If you're new to typesetting it can be very overwhelming. But it doesn't have to be. I've recently been asked by several student designers to elaborate a bit more on Typesetting procedures and best practices.
File Name Standards:
[/caption] Number and Section Options: Number and Section Options are found under the “Pages” panel flyout menu: [caption id="attachment_758" align="aligncenter" width="272" caption="Numbering and Section Options"][/caption] For each document set the “Number and Section Options” to “automatic page numbering”. Front matter will be set to “Roman Numerals” styles, but all others will be set to “Arabic Numerals”. When this is set up, the page numbers will automatically update throughout the entire book as pages are added or subtracted to a single document.
Tip! Use this document to set up your master pages, paragraph styles and character styles. When finished save it as a “template” for the rest of the book. Using Styles: To maintain consistency, I often use a specific naming scheme to be used when creating my paragraph styles. Paragraph Styles Naming Standards: Chapter Number Chapter Title Chapter Opening Body Copy Scriptures Pullouts Opening Your Paragraph Styles: Window > Type and Tables > Paragraph Styles
From the Paragraph Styles panel click the flyout and select “New Paragraph Style” or from the bottom of the panel window click the “New Style” icon. Creating the Style: When creating a new style there are really only 4 of the Paragraph Styles option panels you need to deal with: 1. “General” you will name your new style (one of the names above) and be sure to set your “Based On Style” to “No Paragraph Style”. Why? If your style is “Based” on another style and the other style changes it will alter this one as well. That is something you do NOT want to happen.
2. “Basic Character Formats” you select your typeface, weight, size and leading height.
3. “Indents and Spacing” choose your alignment (normally left justify for body copy) and extra spacing. i.e. First line indent for body copy, space after and before for subheads or scripture text, etc.
4. “Hyphenation” Set your hyphenation options as seen below:
Now your new style is complete. Tip! To apply a paragraph style to an entire paragraph it’s not necessary to highlight the entire paragraph, you can simply click within the paragraph and select your style to alter the entire thing. Also try clicking with the formatting eyedropper tool for a quick fix. When to Use a Character Style? Character styles should be used anytime an “override” needs to take place for a paragraph style. For instance a bold word, a bold number, etc. Opening Your Character Styles: Window > Type and Tables > Character Styles From the Character Styles panel click the flyout and select “New Character Style” or from the bottom of the panel window click the “New Style” icon. Creating a character style is the same process as a paragraph style but with more selective options. And applying them requires that you click within the WORD or highlight the character that you would like to change. Master Pages: Your master pages will need to include: • Page Numbers • Running Heads • Chapter Opening Art • Any other graphic elements that are consistent chapter to chapter Adding Your Content: As long as you have created your margins and columns within your InDesign document, you can flow all the text in for your first chapter automatically. To do this, choose File > Place and then select the document you’d like to flow in. Your cursor will change showing you that there is content to place. You can flow this content in with several different options. The quickest and most efficient way is to “auto-flow” the text throughout the document. Using this option will automatically place the text for you, allowing you to go back in and fine tune the layout and add your paragraph styles as needed.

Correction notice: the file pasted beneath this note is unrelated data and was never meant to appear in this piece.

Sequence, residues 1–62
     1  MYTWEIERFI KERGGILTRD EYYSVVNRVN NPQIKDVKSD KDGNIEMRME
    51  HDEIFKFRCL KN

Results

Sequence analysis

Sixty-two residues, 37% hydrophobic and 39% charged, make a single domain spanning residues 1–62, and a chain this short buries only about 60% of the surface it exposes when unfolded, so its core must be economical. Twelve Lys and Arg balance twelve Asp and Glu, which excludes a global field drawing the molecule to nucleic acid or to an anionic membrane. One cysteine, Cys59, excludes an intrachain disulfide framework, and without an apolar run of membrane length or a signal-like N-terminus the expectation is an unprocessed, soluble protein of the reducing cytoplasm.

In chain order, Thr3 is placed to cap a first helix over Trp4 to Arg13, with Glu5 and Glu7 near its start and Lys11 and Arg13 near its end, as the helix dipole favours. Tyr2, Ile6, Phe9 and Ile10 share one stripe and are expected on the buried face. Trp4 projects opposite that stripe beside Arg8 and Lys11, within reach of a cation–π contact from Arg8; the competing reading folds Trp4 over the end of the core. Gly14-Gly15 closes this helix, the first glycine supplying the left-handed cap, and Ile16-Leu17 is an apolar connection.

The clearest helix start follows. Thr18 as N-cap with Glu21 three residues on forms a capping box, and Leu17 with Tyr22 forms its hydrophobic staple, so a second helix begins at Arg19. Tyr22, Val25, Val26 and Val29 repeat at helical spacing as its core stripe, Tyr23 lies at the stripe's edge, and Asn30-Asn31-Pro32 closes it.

Creating the “Book”: Once your main document is set up you will want to use the template you saved to create each subsequent chapter. To create the “book file: File > New > Book
1. Name the book as needed. This creates a new “book” panel in your workspace.
2. Click the “+” to add documents to your book.
3. Load all your documents into your book panel.
4. Your page numbers will auto adjust and you can now edit each document by simply double clicking it to open make your changes and then save the documents.
5. When you’re finished with the book file, you can save and close the book panel, export the entire book to digital additions (more on that later) or package the book for printing!